There is increasing hope that a new hostage deal can be agreed between Israel and Hamas in time for the start of the Muslim holy month of Ramadan, a week from now, but time is running out and divisions remain between the sides.

Hamas has sent a delegation to Cairo to continue talks; Israel is yet to dispatch its own team and government sources have told Sky News that, among other things, they are still waiting for Hamas to provide information on the hostages they will release.

There are other points of difference, notably over which Palestinian prisoners Israel will agree to release in exchange and the status of Israeli forces inside Gaza, if a truce goes ahead.

Middle East latest: Houthis vow to sink British ships; path to Gaza truce ‘straightforward’

All parties, including the US, Egypt and Qatar, are making positive noises that a deal can be reached but such is the hatred and mistrust between Hamas and Israel that we can take nothing for granted at this stage.

Separately, but not unconnected, a senior member of Israel’s war cabinet, Benny Gantz, is flying to Washington and London for meetings this coming week.

Read more:
US puts pressure on Hamas to clinch ceasefire ‘deal on table’

FILE - Israeli Cabinet Minister Benny Gantz attends a press conference in the Kirya military base in Tel Aviv, Israel, on Oct. 28, 2023. While Israelis quickly rallied behind the military, Israeli prime minister Benjamin Netanyahu and his Likud party took a hit in opinion polls. Israelis now believe Netanyahu is less fit to govern than Benny Gantz, a rival who agreed to join Netanyahu in an emergency wartime Cabinet. (Abir Sultan/Pool Photo via AP, File)
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Benny Gantz could become Israel’s next leader. Pic: Abir Sultan via AP

Although a member of the war cabinet, Mr Gantz leads an opposition party in Israel and has a clear lead in the polling over who should be Israel’s next prime minister.

Benjamin Netanyahu is reportedly furious because he wasn’t consulted on the trip.

If a truce is agreed, it might also be the moment when Bibi’s political foes finally move against him – a deal with Hamas could be highly significant on a number of levels and a watershed moment as this war closes in on the five month mark.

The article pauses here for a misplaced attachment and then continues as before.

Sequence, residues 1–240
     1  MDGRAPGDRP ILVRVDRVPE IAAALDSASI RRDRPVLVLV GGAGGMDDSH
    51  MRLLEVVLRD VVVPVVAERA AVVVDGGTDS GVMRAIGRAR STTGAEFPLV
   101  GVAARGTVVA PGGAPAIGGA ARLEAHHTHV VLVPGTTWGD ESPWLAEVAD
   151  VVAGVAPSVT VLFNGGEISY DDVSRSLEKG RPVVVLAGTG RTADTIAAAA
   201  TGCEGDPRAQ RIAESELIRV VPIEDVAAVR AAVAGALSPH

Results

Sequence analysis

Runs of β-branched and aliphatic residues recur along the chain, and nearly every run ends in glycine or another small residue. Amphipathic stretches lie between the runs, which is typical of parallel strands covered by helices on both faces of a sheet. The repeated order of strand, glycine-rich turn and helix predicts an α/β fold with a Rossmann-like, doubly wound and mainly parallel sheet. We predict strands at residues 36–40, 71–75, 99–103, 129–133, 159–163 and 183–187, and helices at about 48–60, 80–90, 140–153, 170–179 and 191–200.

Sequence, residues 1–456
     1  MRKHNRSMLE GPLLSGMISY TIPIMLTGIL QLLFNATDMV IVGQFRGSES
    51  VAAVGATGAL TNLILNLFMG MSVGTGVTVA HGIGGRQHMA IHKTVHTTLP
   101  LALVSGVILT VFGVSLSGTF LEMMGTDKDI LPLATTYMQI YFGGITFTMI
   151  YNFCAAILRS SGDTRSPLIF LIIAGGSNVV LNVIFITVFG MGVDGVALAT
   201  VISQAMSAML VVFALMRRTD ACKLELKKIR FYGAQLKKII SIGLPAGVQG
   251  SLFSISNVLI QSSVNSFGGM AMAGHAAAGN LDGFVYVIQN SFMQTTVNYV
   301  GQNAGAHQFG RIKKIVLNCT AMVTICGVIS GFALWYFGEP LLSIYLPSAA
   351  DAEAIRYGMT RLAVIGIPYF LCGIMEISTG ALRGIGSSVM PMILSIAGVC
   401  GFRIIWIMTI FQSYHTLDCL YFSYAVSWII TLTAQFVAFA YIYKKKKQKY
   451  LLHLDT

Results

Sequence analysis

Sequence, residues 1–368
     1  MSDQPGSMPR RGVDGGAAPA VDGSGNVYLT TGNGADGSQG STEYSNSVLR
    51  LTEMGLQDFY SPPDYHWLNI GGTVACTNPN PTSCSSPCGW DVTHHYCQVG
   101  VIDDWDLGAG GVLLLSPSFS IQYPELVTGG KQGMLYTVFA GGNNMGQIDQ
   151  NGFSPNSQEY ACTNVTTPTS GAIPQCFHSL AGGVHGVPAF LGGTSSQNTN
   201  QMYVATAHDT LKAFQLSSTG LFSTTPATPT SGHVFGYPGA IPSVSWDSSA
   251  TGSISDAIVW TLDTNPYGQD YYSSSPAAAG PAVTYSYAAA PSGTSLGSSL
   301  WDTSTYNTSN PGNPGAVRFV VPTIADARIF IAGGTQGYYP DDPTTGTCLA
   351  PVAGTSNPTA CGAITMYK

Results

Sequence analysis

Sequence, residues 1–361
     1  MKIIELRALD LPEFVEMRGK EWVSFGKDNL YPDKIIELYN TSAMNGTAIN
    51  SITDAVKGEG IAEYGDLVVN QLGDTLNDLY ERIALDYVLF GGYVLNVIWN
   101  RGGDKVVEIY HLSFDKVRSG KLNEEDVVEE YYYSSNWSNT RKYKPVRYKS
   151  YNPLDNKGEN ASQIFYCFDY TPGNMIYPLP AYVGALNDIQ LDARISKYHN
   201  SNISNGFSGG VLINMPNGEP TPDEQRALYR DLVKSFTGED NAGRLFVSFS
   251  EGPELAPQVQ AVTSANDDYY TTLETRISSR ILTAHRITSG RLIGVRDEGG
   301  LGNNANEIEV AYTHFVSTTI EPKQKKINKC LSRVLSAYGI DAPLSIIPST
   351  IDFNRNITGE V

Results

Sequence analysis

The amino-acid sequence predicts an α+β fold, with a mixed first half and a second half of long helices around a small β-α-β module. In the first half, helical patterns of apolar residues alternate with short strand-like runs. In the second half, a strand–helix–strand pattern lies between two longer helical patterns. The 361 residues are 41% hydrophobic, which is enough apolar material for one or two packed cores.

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Anger as Pakistan’s parliament confirms Shehbaz Sharif as prime minister

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Anger as Pakistan's parliament confirms Shehbaz Sharif as prime minister

Pakistan’s newly-formed parliament has elected Shehbaz Sharif as the country’s prime minister for the second time.

Mr Sharif won 201 votes from Pakistan’s National Assembly, comfortably ahead of Omar Ayub, the candidate backed by jailed former prime minister Imran Khan, who secured 92 votes.

It means the 72-year-old will resume the role he had until August, when parliament was dissolved and a caretaker government was put in charge until last month’s elections.

Mr Sharif was named premier despite his elder brother Nawaz Sharif winning a seat in parliament and being favourite for the top job.

Nawaz did not want to lead a minority coalition government, having enjoyed majorities in his three previous stints as PM, his daughter Maryam said on X.

The brothers’ Pakistan Muslim League-Nawaz party won fewer seats than Khan’s allies in the February election – but coalition support was enough to get them a majority.

The election saw arrests, violence, an internet blackout and delayed results, leading to claims from Khan’s allies that the vote was rigged.

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They continued their protests in parliament as Mr Sharif’s premiership was confirmed, calling him a “vote thief” and shouting “shame”.

Imran Khan supporters gather for a protest in Karachi demanding free and fair elections. Pic: Reuters
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Imran Khan supporters protest in Karachi a few days after the election. Pic: Reuters

Mr Sharif offered “reconciliation”, adding: “Let us sit together to work for the betterment of Pakistan.” But his words were met by more shouting.

Meanwhile, his government faces a number of challenges: a struggling economy, a surge in militant attacks, tricky relations with Pakistan’s Taliban-run neighbour Afghanistan, and aging infrastructure.

Financially, Pakistan relies heavily on help from outside – wealthy states such as China and Saudi Arabia, as well as the International Monetary Fund.

An IMF bailout negotiated during Mr Sharif’s previous term will expire at the end of this month and he will need to strike another deal while also addressing growing anger over the rising cost of living.